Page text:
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I'm using a litte script to convert PDF to JPG. That works but the quality is very poor.

The script:

$im = new imagick( 'document.pdf[ 0]' ); 
$im->setImageColorspace(255); 
$im->setResolution(300, 300);
$im->setCompressionQuality(95); 
$im->setImageFormat('jpeg'); 
$im->writeImage('thumb.jpg'); 
$im->clear(); 
$im->destroy();

One more thing, I want to keep the original size of the PDF but the conversion crops the size of the JPG.

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4  
I have no idea why that was voted down or close voted for "not a real question", perfectly reasonable question. Although I'm fairly sure a duplicate, something that crops up quite regularly. –  Orbling Feb 10 '12 at 15:27
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3 Answers

up vote 18 down vote accepted

It can be done using setResolution, but you need to do it before loading an image. Try something like this:

$im = new imagick();
$im->setResolution(300,300);
$im->readimage('document.pdf[0]'); 
$im->setImageFormat('jpeg');    
$im->writeImage('thumb.jpg'); 
$im->clear(); 
$im->destroy();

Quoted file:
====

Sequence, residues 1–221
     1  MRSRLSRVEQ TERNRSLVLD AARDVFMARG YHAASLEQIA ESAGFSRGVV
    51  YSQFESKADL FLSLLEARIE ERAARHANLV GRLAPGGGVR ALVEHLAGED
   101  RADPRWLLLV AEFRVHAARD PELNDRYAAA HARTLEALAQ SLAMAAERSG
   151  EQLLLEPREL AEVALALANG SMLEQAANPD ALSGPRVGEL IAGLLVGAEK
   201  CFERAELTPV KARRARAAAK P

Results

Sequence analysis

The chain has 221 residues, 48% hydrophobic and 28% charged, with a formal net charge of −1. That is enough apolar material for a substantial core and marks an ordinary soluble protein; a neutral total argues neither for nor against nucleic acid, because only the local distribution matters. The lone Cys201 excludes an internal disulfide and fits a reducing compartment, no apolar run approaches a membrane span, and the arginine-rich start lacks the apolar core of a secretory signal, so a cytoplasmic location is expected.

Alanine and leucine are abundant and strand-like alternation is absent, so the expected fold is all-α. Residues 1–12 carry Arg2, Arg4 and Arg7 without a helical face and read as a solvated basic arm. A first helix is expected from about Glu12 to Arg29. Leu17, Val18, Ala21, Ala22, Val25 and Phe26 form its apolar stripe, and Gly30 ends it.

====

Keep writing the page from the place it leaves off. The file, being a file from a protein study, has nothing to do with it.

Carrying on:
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This answer should be accepted by the asker. –  OcuS Jan 24 '13 at 11:08
    
It seems that in some cases ImageMagick requires Ghostscript to be installed, because otherwise it will throw a Postscript delegate failed error –  Zsolti Nov 6 '13 at 12:13
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The quality of the image produced from the PDF can be changed by setting the density (which is the DPI) before reading in the PDF - this gets past to ghostscript (gs) underneath which rasterizes the PDF. To get a good result, supersample at double the density you require, and use resample to get back to the desired DPI. Remember to change the colorspace to RGB if you want an RGB JPEG.

A typical command line version for convert might be:

convert -density 600 document.pdf[0] -colorspace RGB -resample 300 output.jpg

If you need to crop it, a -shave command following the resample is usually sensible, if the image is centred within the page.

As for the PHP IMagick extension, well, I never personally use it - so am unsure of how you specify file reading hints to it, but I would hope it is possible.

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Ensure that the PDF is created with the correct colour profiles, I once had my JPG being very washed out after resizing due to source file was created with wrong colour profile. See also: ImageMagick PDF to JPEG conversion results in green square where image should be

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That's not the problem. –  Leon van der Veen Feb 10 '12 at 15:23
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